Andy Riley, Sales Director for Public Sector, says it takes more than technology to truly transform.
During the 2008 US presidential election, Barack Obama’s campaign technology chief, Michael Slaby stated that “digital transformation is not complicated, but it is hard.”
2010 to 2015 saw the UK government promote digital development and the need to make public sector services “digital by default” and since then, we have seen an unprecedented leap forward in public services.
Tools such as the GovTech initiative have already made services radically smarter, more effective and, most importantly, cheaper, while nationwide incentives such as the Department for Digital, Culture, Media & Sport’s Gigabit Broadband Voucher Scheme levels the playing field for businesses by ensuring SMBs benefit from the same ultrafast connectivity as their larger counterparts.
Back in March this year, the first anniversary of the UK’s Digital Strategy saw £25m awarded to six 5G-related projects which will be tested across multiple applications – such as smart farming with drones – to further deliver on commitments to create a Britain fit for the future.
At their most advanced, the tools the government are already wielding include things such as predictive analytics to forecast where crimes may be committed, which areas are more prone to flooding and where extra hospital beds will be needed.
Now this is all fantastic, but of course, not without risk.
Clearly, digital offers great opportunities to generate a wealth of new data but it is critical that we also put the relevant safeguards in place to both protect against cyberattacks and ensure the privacy of our citizens. When you factor in difficulties like securing data privacy and protecting public interest amid the implications that come with new automated services, digital can suddenly become a rather complex gift.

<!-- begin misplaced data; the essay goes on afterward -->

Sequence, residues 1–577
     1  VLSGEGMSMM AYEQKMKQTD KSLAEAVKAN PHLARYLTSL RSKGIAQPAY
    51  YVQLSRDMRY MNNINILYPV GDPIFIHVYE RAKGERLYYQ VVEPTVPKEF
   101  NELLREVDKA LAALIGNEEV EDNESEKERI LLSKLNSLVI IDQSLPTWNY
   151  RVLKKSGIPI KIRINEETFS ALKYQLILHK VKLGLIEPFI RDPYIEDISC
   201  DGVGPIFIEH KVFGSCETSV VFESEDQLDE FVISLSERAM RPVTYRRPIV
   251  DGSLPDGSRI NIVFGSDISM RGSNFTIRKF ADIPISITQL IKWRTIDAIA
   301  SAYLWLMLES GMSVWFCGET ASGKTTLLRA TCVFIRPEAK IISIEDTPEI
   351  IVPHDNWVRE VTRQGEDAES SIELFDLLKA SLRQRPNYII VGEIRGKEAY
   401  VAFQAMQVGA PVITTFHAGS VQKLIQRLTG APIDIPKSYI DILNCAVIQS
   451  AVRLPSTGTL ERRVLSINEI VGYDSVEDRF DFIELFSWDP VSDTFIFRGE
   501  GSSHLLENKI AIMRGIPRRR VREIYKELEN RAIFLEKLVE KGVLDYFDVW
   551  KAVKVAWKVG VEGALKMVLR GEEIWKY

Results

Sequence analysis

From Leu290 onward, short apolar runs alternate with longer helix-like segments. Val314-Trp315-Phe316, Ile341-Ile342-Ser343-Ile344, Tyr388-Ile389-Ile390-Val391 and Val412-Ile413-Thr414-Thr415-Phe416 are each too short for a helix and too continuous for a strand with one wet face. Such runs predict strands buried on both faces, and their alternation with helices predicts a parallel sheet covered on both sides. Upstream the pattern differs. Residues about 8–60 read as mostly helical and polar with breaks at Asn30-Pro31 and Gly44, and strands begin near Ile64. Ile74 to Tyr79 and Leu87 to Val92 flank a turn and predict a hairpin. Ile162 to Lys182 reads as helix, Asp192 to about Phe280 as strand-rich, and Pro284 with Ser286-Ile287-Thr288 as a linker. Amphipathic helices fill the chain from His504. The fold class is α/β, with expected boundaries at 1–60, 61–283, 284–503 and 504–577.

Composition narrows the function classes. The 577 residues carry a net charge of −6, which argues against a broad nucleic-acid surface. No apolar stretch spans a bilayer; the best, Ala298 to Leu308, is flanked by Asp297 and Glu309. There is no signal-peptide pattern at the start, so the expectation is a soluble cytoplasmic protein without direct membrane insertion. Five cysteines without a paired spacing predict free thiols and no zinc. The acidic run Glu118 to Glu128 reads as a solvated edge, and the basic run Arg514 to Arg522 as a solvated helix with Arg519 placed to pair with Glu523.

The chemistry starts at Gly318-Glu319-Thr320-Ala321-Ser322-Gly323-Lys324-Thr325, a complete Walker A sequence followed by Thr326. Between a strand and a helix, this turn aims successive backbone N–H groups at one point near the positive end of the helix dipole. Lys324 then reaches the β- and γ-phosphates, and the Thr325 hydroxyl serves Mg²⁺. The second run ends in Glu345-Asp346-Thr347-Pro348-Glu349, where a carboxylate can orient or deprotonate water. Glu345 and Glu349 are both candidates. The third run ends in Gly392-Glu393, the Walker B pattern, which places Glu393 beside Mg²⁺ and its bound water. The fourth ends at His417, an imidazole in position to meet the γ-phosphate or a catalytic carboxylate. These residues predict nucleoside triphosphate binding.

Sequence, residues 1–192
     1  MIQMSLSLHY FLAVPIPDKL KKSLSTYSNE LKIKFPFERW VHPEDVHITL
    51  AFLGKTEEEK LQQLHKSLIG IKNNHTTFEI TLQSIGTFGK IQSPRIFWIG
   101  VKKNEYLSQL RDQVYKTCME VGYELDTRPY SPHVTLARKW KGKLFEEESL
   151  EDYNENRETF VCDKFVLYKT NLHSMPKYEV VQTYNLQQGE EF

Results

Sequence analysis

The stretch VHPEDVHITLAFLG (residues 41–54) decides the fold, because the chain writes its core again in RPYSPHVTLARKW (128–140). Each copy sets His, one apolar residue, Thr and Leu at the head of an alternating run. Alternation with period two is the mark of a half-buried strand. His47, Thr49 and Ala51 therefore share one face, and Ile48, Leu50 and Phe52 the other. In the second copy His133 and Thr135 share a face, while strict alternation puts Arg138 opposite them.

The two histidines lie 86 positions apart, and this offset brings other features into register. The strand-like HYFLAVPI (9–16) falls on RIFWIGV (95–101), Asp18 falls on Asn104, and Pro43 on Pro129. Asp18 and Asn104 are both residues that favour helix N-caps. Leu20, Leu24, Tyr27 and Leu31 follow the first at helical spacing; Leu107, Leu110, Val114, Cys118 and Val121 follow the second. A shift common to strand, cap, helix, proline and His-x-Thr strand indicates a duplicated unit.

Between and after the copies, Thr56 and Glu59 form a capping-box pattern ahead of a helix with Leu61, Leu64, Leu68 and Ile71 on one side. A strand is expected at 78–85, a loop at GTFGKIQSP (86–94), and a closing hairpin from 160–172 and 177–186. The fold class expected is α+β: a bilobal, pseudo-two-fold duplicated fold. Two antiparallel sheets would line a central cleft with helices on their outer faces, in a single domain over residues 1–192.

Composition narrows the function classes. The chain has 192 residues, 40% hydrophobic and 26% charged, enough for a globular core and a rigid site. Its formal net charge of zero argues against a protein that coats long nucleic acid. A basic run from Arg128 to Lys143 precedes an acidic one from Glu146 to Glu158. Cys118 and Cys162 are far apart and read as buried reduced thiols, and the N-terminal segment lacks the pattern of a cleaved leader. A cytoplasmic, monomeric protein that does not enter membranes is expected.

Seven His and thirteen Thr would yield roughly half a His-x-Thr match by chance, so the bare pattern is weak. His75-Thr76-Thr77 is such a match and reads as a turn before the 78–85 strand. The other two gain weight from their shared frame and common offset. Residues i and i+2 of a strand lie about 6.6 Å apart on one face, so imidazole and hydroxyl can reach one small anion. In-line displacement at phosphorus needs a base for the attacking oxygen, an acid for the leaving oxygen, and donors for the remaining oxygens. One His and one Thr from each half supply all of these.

The problem with the phrase “digital transformation” is that it is perceived to be just a technology thing; if too many organisations focus solely on the technologies required, while not necessarily considering how those using them might be affected or how they might be funded or maintained, then their influence may start to wane.
2016’s Prioritising Storage Management in the Public Sector report found that 75% believed data and storage management should a top priority for the following 12 months, yet more than a third also stated that the perceived costs and the scalability of solutions would have an impact on the service they were able to provide.
In order to successfully transform, both local and central government may have to change the way they budget. What’s needed is for organisations to make a mass movement from traditional CAPEX budgeting in favour of OPEX systems which will enable more scalable expenditure for the solutions that the sector truly needs.
Solutions that manage disparate and outdated communications systems and ensure that data generated from disruptive technologies is stored in the most appropriate cloud environment.
Now that may well be hard. But it needn’t be complicated.
This article was originally published in Public Sector Focus Magazine, May/June 2018